Are You Doing Enough Critical Thinking? Probably Not
Demographics play a big role when it comes to engaging in differing opinions. Photo credit: GettyGETTY
The internet makes it easier than ever to spread disinformation, and from Twitter to 4chan to the local neighborhood list-serv, it seems like every day brings a new set of hoaxes, altered photographs and thinly sourced material. There is a way to put a wrench to the fire hydrant of weak information, at least temporarily. It is called critical thinking or the ability to employ thorough reasoning.
Unfortunately, we’re not doing enough of it. That’s the conclusion of a survey conducted by the Reboot Foundation, which promotes critical thinking. I head up the foundation, and in a report released late last month, we found that almost everyone believes that we need more dedicated reasoning in society. In fact, more than 95% of Americans believe critical thinking is necessary in today’s world.
But people simply are not doing enough deliberate thinking, according to our research; and our study shows that less than a quarter of the public regularly seeks out views that challenge their own. People believe the accuracy of more than a third of what they read on Twitter and Facebook.
Or take Wikipedia. While the website’s information is crowd-sourced, more than one-third of people consider the tool to be the equivalent of a fully vetted encyclopedia.
Why does this happen? Our research suggests that schools are a large part of the problem. The nation’s education system is not doing enough to give students robust reasoning skills, and only half of the respondents in our survey say that their schools gave them top-notch critical thinking skills.
We also discovered that parents are overconfident about their ability to help their children reason in more effective ways. In our survey, most parents believe that they know how to teach critical thinking skills to their children. But only 20% of parents frequently or very often ask their children to consider an opposing view.
The research was conducted in September, and we used an online platform to survey more than 1,100 people. We also included some experimental questions, and our team created a simulation of a real-life scenario to see what links people might click on while doing online research.
Perhaps most surprising is the degree to which people do not pay attention to views that differ from their own. After all, there’s a lot of research — along with a solid dose of common sense — which shows that listening to various points of view helps people reason through issues.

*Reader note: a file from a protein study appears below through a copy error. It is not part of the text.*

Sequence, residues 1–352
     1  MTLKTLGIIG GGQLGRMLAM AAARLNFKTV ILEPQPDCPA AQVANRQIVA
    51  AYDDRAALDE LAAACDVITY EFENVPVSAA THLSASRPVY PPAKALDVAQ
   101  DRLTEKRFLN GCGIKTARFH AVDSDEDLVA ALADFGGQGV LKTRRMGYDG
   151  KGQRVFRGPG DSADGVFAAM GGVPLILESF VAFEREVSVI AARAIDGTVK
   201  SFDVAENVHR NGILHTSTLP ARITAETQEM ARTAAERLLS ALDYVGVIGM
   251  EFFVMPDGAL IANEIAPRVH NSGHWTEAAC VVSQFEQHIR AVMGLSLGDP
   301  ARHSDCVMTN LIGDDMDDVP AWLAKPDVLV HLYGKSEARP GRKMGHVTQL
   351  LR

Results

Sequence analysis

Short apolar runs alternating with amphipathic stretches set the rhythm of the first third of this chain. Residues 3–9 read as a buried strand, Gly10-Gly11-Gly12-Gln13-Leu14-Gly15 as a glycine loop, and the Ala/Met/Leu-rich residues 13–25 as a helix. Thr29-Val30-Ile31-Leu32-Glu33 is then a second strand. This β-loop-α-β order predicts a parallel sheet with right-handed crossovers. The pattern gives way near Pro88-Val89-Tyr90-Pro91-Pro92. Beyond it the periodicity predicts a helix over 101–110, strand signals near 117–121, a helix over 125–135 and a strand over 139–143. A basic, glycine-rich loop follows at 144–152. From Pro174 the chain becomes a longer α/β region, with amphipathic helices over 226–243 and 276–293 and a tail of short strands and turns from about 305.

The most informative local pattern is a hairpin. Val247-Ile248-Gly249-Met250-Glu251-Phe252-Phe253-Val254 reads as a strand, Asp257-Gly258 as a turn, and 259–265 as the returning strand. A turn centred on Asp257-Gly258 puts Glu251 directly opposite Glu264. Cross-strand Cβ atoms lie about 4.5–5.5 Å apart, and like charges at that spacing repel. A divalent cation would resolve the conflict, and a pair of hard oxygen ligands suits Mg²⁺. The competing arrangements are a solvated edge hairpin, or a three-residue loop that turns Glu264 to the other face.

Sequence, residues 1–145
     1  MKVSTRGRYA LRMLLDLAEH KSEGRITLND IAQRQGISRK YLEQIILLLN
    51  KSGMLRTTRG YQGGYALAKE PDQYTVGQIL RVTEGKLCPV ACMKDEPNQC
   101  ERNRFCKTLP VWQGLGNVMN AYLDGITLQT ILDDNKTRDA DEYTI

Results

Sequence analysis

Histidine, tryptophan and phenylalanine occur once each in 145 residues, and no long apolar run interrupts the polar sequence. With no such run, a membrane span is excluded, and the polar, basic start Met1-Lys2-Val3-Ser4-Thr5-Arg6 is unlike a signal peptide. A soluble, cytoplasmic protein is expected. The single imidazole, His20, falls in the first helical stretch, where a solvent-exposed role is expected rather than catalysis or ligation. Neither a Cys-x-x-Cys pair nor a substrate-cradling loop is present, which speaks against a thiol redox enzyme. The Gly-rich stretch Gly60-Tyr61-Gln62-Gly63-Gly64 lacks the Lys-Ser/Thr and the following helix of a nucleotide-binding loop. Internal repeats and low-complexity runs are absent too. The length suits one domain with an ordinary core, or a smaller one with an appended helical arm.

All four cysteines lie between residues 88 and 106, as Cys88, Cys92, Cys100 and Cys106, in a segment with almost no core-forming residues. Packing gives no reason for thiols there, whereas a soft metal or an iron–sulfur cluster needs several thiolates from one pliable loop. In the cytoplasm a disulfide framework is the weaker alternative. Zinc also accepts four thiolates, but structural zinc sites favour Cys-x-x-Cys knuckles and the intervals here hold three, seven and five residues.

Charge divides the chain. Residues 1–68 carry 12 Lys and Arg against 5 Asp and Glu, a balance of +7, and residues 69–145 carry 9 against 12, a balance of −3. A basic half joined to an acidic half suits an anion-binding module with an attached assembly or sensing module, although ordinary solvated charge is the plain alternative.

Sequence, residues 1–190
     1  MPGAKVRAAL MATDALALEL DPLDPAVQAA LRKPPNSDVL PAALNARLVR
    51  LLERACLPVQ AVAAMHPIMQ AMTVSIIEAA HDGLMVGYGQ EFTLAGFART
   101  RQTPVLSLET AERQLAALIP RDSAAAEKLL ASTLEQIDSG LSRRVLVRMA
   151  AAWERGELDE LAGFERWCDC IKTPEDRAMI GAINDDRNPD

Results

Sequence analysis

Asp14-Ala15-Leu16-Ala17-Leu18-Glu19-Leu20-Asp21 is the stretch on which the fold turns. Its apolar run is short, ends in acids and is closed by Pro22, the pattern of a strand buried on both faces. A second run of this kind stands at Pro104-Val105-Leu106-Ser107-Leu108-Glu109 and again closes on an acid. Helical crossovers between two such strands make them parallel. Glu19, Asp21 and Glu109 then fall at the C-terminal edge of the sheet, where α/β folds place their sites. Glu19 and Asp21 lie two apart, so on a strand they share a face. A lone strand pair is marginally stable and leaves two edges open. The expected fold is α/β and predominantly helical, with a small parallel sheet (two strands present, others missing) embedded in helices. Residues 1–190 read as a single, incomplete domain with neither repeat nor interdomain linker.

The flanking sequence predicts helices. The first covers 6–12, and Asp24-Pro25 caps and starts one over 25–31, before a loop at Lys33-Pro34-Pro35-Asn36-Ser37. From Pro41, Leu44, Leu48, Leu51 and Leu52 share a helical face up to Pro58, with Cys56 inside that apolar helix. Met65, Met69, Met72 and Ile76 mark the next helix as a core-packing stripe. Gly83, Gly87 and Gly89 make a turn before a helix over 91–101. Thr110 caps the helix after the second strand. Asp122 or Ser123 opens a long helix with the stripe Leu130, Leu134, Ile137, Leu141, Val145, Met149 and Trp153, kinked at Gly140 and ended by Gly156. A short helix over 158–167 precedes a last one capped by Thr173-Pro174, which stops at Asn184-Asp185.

Indeed, people know the value of taking another person’s point of view. In our survey, 87% of the respondents say that considering a different point of view is an important exercise.
Still, there is a large gap between what people say and what they do when it comes to opposing viewpoints. We found, for instance, that only 25% of Americans are willing to regularly debate people who disagree with them, and 24% say they actively avoid people with opposing views.
Demographics play a big role when it comes to engaging in differing opinions. For instance, men are roughly 20 percentage points more likely than women to avoid people with whom they disagree (33% vs. 13%).
In addition, low-income respondents are 20 percentage points more likely than those in the highest income bracket, $150,000 and above annually, to avoid people with whom they disagree (66% vs. 54%).
When it comes to critical thinking, the survey is only the start for the Reboot Foundation. Over the coming months, we plan to follow up with more in-depth research papers and science-based tools for parents, teachers and the public. We also hope to survey the public each year on critical thinking issues.
But what’s clear for now is that we can all do more when it comes to improved reasoning. In particular, we need to work harder at avoiding echo chambers and at more thoughtfully engaging with opinions that differ from our own.
These efforts will help us become better critical thinkers — and more prepared to uncover information that’s meant to deceive us.
I founded the Reboot Foundation, an organization that aims to better integrate critical thinking into the daily lives of people around the world. The foundation conducts surveys and opinion polls, leads its own research, and supports the work of university-affiliated scholar…
“This article first appeared on the website of Forbes.“
Helen Lee Bouygues is the president of the Reboot Foundation and author of a forthcoming book on critical thinking.